...As a former Corrado aficionado, I often thought the car was a tremendous driver and a surefire classic…
To preface this story, I was raised in a family that was staunchly against owning “normal” cars. The Datsun 280z was as close to normal as my parents’ garage would be. They had a myriad of Jaguars, Alfa Romeos, MGs and even a Delorean. My first car purchase was a Merkur XR4ti that I spent the greater portion of my high school life working for in order to buy Sierra Cosworth goodies for it. I eventually inherited a pair of XJ6s and an XJS v12 coupe and worked every waking hour outside of school to pay for gas, insurance and maintenance. As nice as those cars were, I quite nearly broke my neck when I saw a Corrado for the very first time. I swooned over its swollen arches and sweet swooping backside that ended abruptly. It was quirky – the perfect combination of sexy and cute that would get Steve Carell laid.
After numerous years of lusting over it as a new car during my high school years, I finally procured my own in 2002 after a lengthy search. I had been contemplating over a 944 Turbo and a 914 for quite some time when I simply gave up and settled on satisfying my Corrado urges. The example I bought was OK. It was complete. It was stock and it had a stunning blue on blue combo that would’ve made an ‘80s K car jealous. Every little switch worked – even the moon roof. It even came with a stack of receipts for maintenance. It even made 380 mile drive home without a hiccup. Oh, by the way, it was a G60 model. I know, you’re thinking why the G60? Why not the plush and upscale VR6 model? Why risk the headache? Because I wanted the car that I fell in love with back when a Bulls championship seemed nearly impossible. I had achieved an automotive milestone and bought the car I lusted after. And it sucked.
The morning after driving it home, the car wouldn’t start. The battery was drained by the faulty automatic seatbelt relay. People in the late ‘80s/early ‘90s were too stupid to put their seatbelts on so the cars had to do it for them. The problem in the Corrado was that it also meant having your head busted open as you entered the car. Open the door; squat and fall into the car cut your head open on the seatbelt. That’s only the beginning of the rewarding driving experience the car offered. Being a front-wheel drive “sports coupe/hatch”, it had the typical under steer issues. Take a corner hard and throttle through and you could enjoy a push towards the wrong side of the shoulder. The steering feel was OK, but only in the same way your brother-in-law smacking your kid is OK. The shifter felt lost. Like when you have an errant dryer sheet in the leg of your pants. Except that dryer sheet isn’t a dryer sheet at all; it’s a pair of your wife’s panties that you pull out of the leg of your pants just as you’ve sat down in a meeting. You don’t know where to put it. It’s awkward.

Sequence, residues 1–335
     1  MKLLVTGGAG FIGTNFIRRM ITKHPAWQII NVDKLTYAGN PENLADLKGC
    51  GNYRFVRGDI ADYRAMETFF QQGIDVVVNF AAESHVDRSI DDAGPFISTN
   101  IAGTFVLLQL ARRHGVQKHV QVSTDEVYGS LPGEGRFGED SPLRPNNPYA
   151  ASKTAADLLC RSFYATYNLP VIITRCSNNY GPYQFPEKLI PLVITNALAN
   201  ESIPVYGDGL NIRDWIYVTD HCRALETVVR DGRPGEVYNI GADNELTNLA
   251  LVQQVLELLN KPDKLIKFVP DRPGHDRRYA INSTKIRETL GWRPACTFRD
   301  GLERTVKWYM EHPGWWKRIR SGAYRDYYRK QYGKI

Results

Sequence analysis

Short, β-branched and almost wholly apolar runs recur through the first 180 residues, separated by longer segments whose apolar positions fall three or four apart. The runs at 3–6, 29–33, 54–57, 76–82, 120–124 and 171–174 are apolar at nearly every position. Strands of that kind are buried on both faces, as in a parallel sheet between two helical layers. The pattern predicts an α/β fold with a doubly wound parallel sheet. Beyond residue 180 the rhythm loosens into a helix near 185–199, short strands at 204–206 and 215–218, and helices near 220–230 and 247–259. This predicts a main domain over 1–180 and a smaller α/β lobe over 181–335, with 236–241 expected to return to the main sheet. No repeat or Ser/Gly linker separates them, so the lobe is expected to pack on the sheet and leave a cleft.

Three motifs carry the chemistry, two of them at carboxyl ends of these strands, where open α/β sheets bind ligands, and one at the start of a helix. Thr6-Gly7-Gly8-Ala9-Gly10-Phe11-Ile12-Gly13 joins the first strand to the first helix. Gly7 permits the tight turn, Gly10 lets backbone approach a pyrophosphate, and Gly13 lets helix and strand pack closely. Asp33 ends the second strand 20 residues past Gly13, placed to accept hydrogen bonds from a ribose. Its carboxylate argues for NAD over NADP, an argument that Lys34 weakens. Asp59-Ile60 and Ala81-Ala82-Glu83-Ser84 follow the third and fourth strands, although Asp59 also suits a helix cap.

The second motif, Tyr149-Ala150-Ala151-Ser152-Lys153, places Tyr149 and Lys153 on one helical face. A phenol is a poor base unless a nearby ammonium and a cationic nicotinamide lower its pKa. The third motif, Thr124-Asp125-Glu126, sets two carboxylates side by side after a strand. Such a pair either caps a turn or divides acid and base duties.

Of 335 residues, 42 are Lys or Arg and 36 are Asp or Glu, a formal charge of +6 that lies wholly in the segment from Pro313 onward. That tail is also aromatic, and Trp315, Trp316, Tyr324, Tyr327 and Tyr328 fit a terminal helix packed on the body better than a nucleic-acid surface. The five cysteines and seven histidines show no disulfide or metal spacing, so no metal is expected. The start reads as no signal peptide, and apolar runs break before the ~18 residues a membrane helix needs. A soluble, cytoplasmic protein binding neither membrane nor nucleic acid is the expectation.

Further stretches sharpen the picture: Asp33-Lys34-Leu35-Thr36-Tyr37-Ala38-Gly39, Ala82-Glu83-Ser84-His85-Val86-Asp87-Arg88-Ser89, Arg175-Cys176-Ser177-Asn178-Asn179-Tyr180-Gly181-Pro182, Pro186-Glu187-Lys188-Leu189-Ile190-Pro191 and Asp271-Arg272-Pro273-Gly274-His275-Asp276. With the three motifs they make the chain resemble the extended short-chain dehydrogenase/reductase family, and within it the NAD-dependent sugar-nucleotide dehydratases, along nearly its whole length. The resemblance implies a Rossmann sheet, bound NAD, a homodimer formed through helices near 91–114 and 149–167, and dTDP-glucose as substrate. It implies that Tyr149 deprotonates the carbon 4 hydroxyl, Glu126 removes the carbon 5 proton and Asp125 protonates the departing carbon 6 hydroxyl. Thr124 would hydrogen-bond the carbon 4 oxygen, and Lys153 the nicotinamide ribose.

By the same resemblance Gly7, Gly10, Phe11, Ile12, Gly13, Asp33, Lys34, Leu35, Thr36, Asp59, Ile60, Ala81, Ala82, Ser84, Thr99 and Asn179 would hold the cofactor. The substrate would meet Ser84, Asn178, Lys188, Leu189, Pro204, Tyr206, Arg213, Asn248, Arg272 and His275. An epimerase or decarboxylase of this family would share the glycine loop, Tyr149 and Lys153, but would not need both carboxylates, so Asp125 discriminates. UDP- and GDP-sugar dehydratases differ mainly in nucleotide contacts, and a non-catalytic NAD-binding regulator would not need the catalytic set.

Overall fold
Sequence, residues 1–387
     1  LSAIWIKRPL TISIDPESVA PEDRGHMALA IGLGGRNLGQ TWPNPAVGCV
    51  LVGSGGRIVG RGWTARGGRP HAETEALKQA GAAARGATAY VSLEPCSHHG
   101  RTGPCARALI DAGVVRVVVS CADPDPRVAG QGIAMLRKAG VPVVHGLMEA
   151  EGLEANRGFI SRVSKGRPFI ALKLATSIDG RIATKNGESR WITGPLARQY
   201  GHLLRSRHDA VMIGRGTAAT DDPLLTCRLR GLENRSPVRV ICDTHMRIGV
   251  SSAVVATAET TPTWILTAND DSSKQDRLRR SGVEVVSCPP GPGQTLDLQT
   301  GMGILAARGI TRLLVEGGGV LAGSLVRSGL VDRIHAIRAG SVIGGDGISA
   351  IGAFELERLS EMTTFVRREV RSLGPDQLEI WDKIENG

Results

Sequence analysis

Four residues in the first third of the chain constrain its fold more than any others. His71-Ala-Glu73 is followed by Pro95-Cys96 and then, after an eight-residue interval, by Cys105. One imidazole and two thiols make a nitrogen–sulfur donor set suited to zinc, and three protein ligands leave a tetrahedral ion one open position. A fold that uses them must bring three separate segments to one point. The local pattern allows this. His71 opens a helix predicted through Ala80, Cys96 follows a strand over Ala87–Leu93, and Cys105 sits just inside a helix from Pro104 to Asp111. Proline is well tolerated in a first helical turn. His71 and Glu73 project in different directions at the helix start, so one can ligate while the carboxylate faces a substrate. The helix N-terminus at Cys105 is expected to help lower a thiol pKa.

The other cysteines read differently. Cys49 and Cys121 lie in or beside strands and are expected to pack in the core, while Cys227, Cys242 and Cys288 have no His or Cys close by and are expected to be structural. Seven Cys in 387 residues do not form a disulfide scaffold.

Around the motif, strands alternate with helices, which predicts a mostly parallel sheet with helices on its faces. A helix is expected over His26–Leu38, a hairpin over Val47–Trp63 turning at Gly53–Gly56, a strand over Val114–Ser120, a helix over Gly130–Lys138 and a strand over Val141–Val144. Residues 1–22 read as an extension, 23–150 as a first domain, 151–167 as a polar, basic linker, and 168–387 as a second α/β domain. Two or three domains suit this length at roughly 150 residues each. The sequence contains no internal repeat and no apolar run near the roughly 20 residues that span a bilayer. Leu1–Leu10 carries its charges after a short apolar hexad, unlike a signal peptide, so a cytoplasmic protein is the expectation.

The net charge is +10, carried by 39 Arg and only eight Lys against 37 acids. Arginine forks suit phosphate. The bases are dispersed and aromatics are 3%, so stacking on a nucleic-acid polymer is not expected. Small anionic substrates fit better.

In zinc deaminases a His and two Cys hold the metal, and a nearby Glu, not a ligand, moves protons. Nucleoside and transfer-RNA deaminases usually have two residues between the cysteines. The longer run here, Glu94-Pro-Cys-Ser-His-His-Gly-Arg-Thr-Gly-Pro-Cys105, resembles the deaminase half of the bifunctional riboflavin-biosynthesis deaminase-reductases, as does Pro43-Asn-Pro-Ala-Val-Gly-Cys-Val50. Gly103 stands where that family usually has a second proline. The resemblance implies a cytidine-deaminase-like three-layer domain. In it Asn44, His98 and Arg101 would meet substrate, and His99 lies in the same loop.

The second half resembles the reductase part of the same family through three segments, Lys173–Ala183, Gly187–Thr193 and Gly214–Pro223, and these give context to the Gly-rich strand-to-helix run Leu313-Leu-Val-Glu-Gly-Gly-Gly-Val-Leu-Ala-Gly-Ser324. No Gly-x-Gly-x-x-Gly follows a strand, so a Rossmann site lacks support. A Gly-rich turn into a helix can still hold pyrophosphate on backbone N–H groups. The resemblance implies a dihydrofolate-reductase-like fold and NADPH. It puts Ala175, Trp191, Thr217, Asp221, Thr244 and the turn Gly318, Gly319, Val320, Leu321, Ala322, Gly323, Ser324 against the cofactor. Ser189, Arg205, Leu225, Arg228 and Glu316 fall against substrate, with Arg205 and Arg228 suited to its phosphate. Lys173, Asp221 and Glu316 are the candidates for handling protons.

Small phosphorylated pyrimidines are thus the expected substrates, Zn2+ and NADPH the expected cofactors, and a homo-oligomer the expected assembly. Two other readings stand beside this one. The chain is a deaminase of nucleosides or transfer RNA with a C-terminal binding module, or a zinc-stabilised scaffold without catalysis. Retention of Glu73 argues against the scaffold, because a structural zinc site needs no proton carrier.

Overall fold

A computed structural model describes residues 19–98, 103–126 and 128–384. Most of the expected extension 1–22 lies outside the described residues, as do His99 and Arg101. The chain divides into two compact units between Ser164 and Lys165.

And then it gets better. Things start to break, as you’d expect on an older car. Except they’d break while you were sleeping, or watching Cinemax at 2am with the volume set at 2 as to not wake the children. Imagine waking up to a garage floor full of coolant as you set out to go to work, or wonder why the crankshaft pulley is dancing about the engine bay after you turn the key over. And then the spoiler stops working so you can’t show the person that you’re passing in the slow lane that you’re driving faster than they. Then the engine eats a spark plug and bounces it around like someone trying to figure out where to go in City Hall.
So then you realize this car drives like a brick in slush and needs improvement, so you start modifying it. The engine gets rebuilt; the ECU gets remapped with Heiankyo Alien for Gameboy, and a more robust supercharger finds its way into the bay. The car gets lowered and stiffened which only amplifies the head splitting entering and exiting game and the entire interior gets updated with leather from a VR car. Fresh paint, bigger brakes, updated lighting and wheels create a stunning package. So then you have the VW equivalent of Emma Stone with rampant diarrhea. So you’ve spent $14K for a car that looks great, drives like a BBQ grill being thrown off your back deck and defecates fluid everywhere for no reason whatsoever.
And I’ve driven more than a dozen VR versions and more than a dozen G60 models since then. And they’re all awful. I don’t care what you say. They look good, sure, but they’re ripe with enough annoying problems that they aren’t worth the headache. So every time someone asks what car they think was under-appreciated or will be a future classic, some chucklehead says the Corrado and they post a pic of it. Then three other chuckleheads agree and only one chucklehead has ever actually driven one but one of them has a non-running “project car” Corrado sitting in their garage…and it will be there for the next 8 years because parts are expensive and 12 out of 8 people are broke and then they will sell it and buy a MKIV with a quarter of a million miles but buy rims for it that cost more than their annual income…I mean, that’s the scene. And at the end of their life they’ll finally realize that what they really regret more than anything besides using shampoo for lube in the shower is that they really wanted a Porsche 944 Turbo and they settled for a Corrado.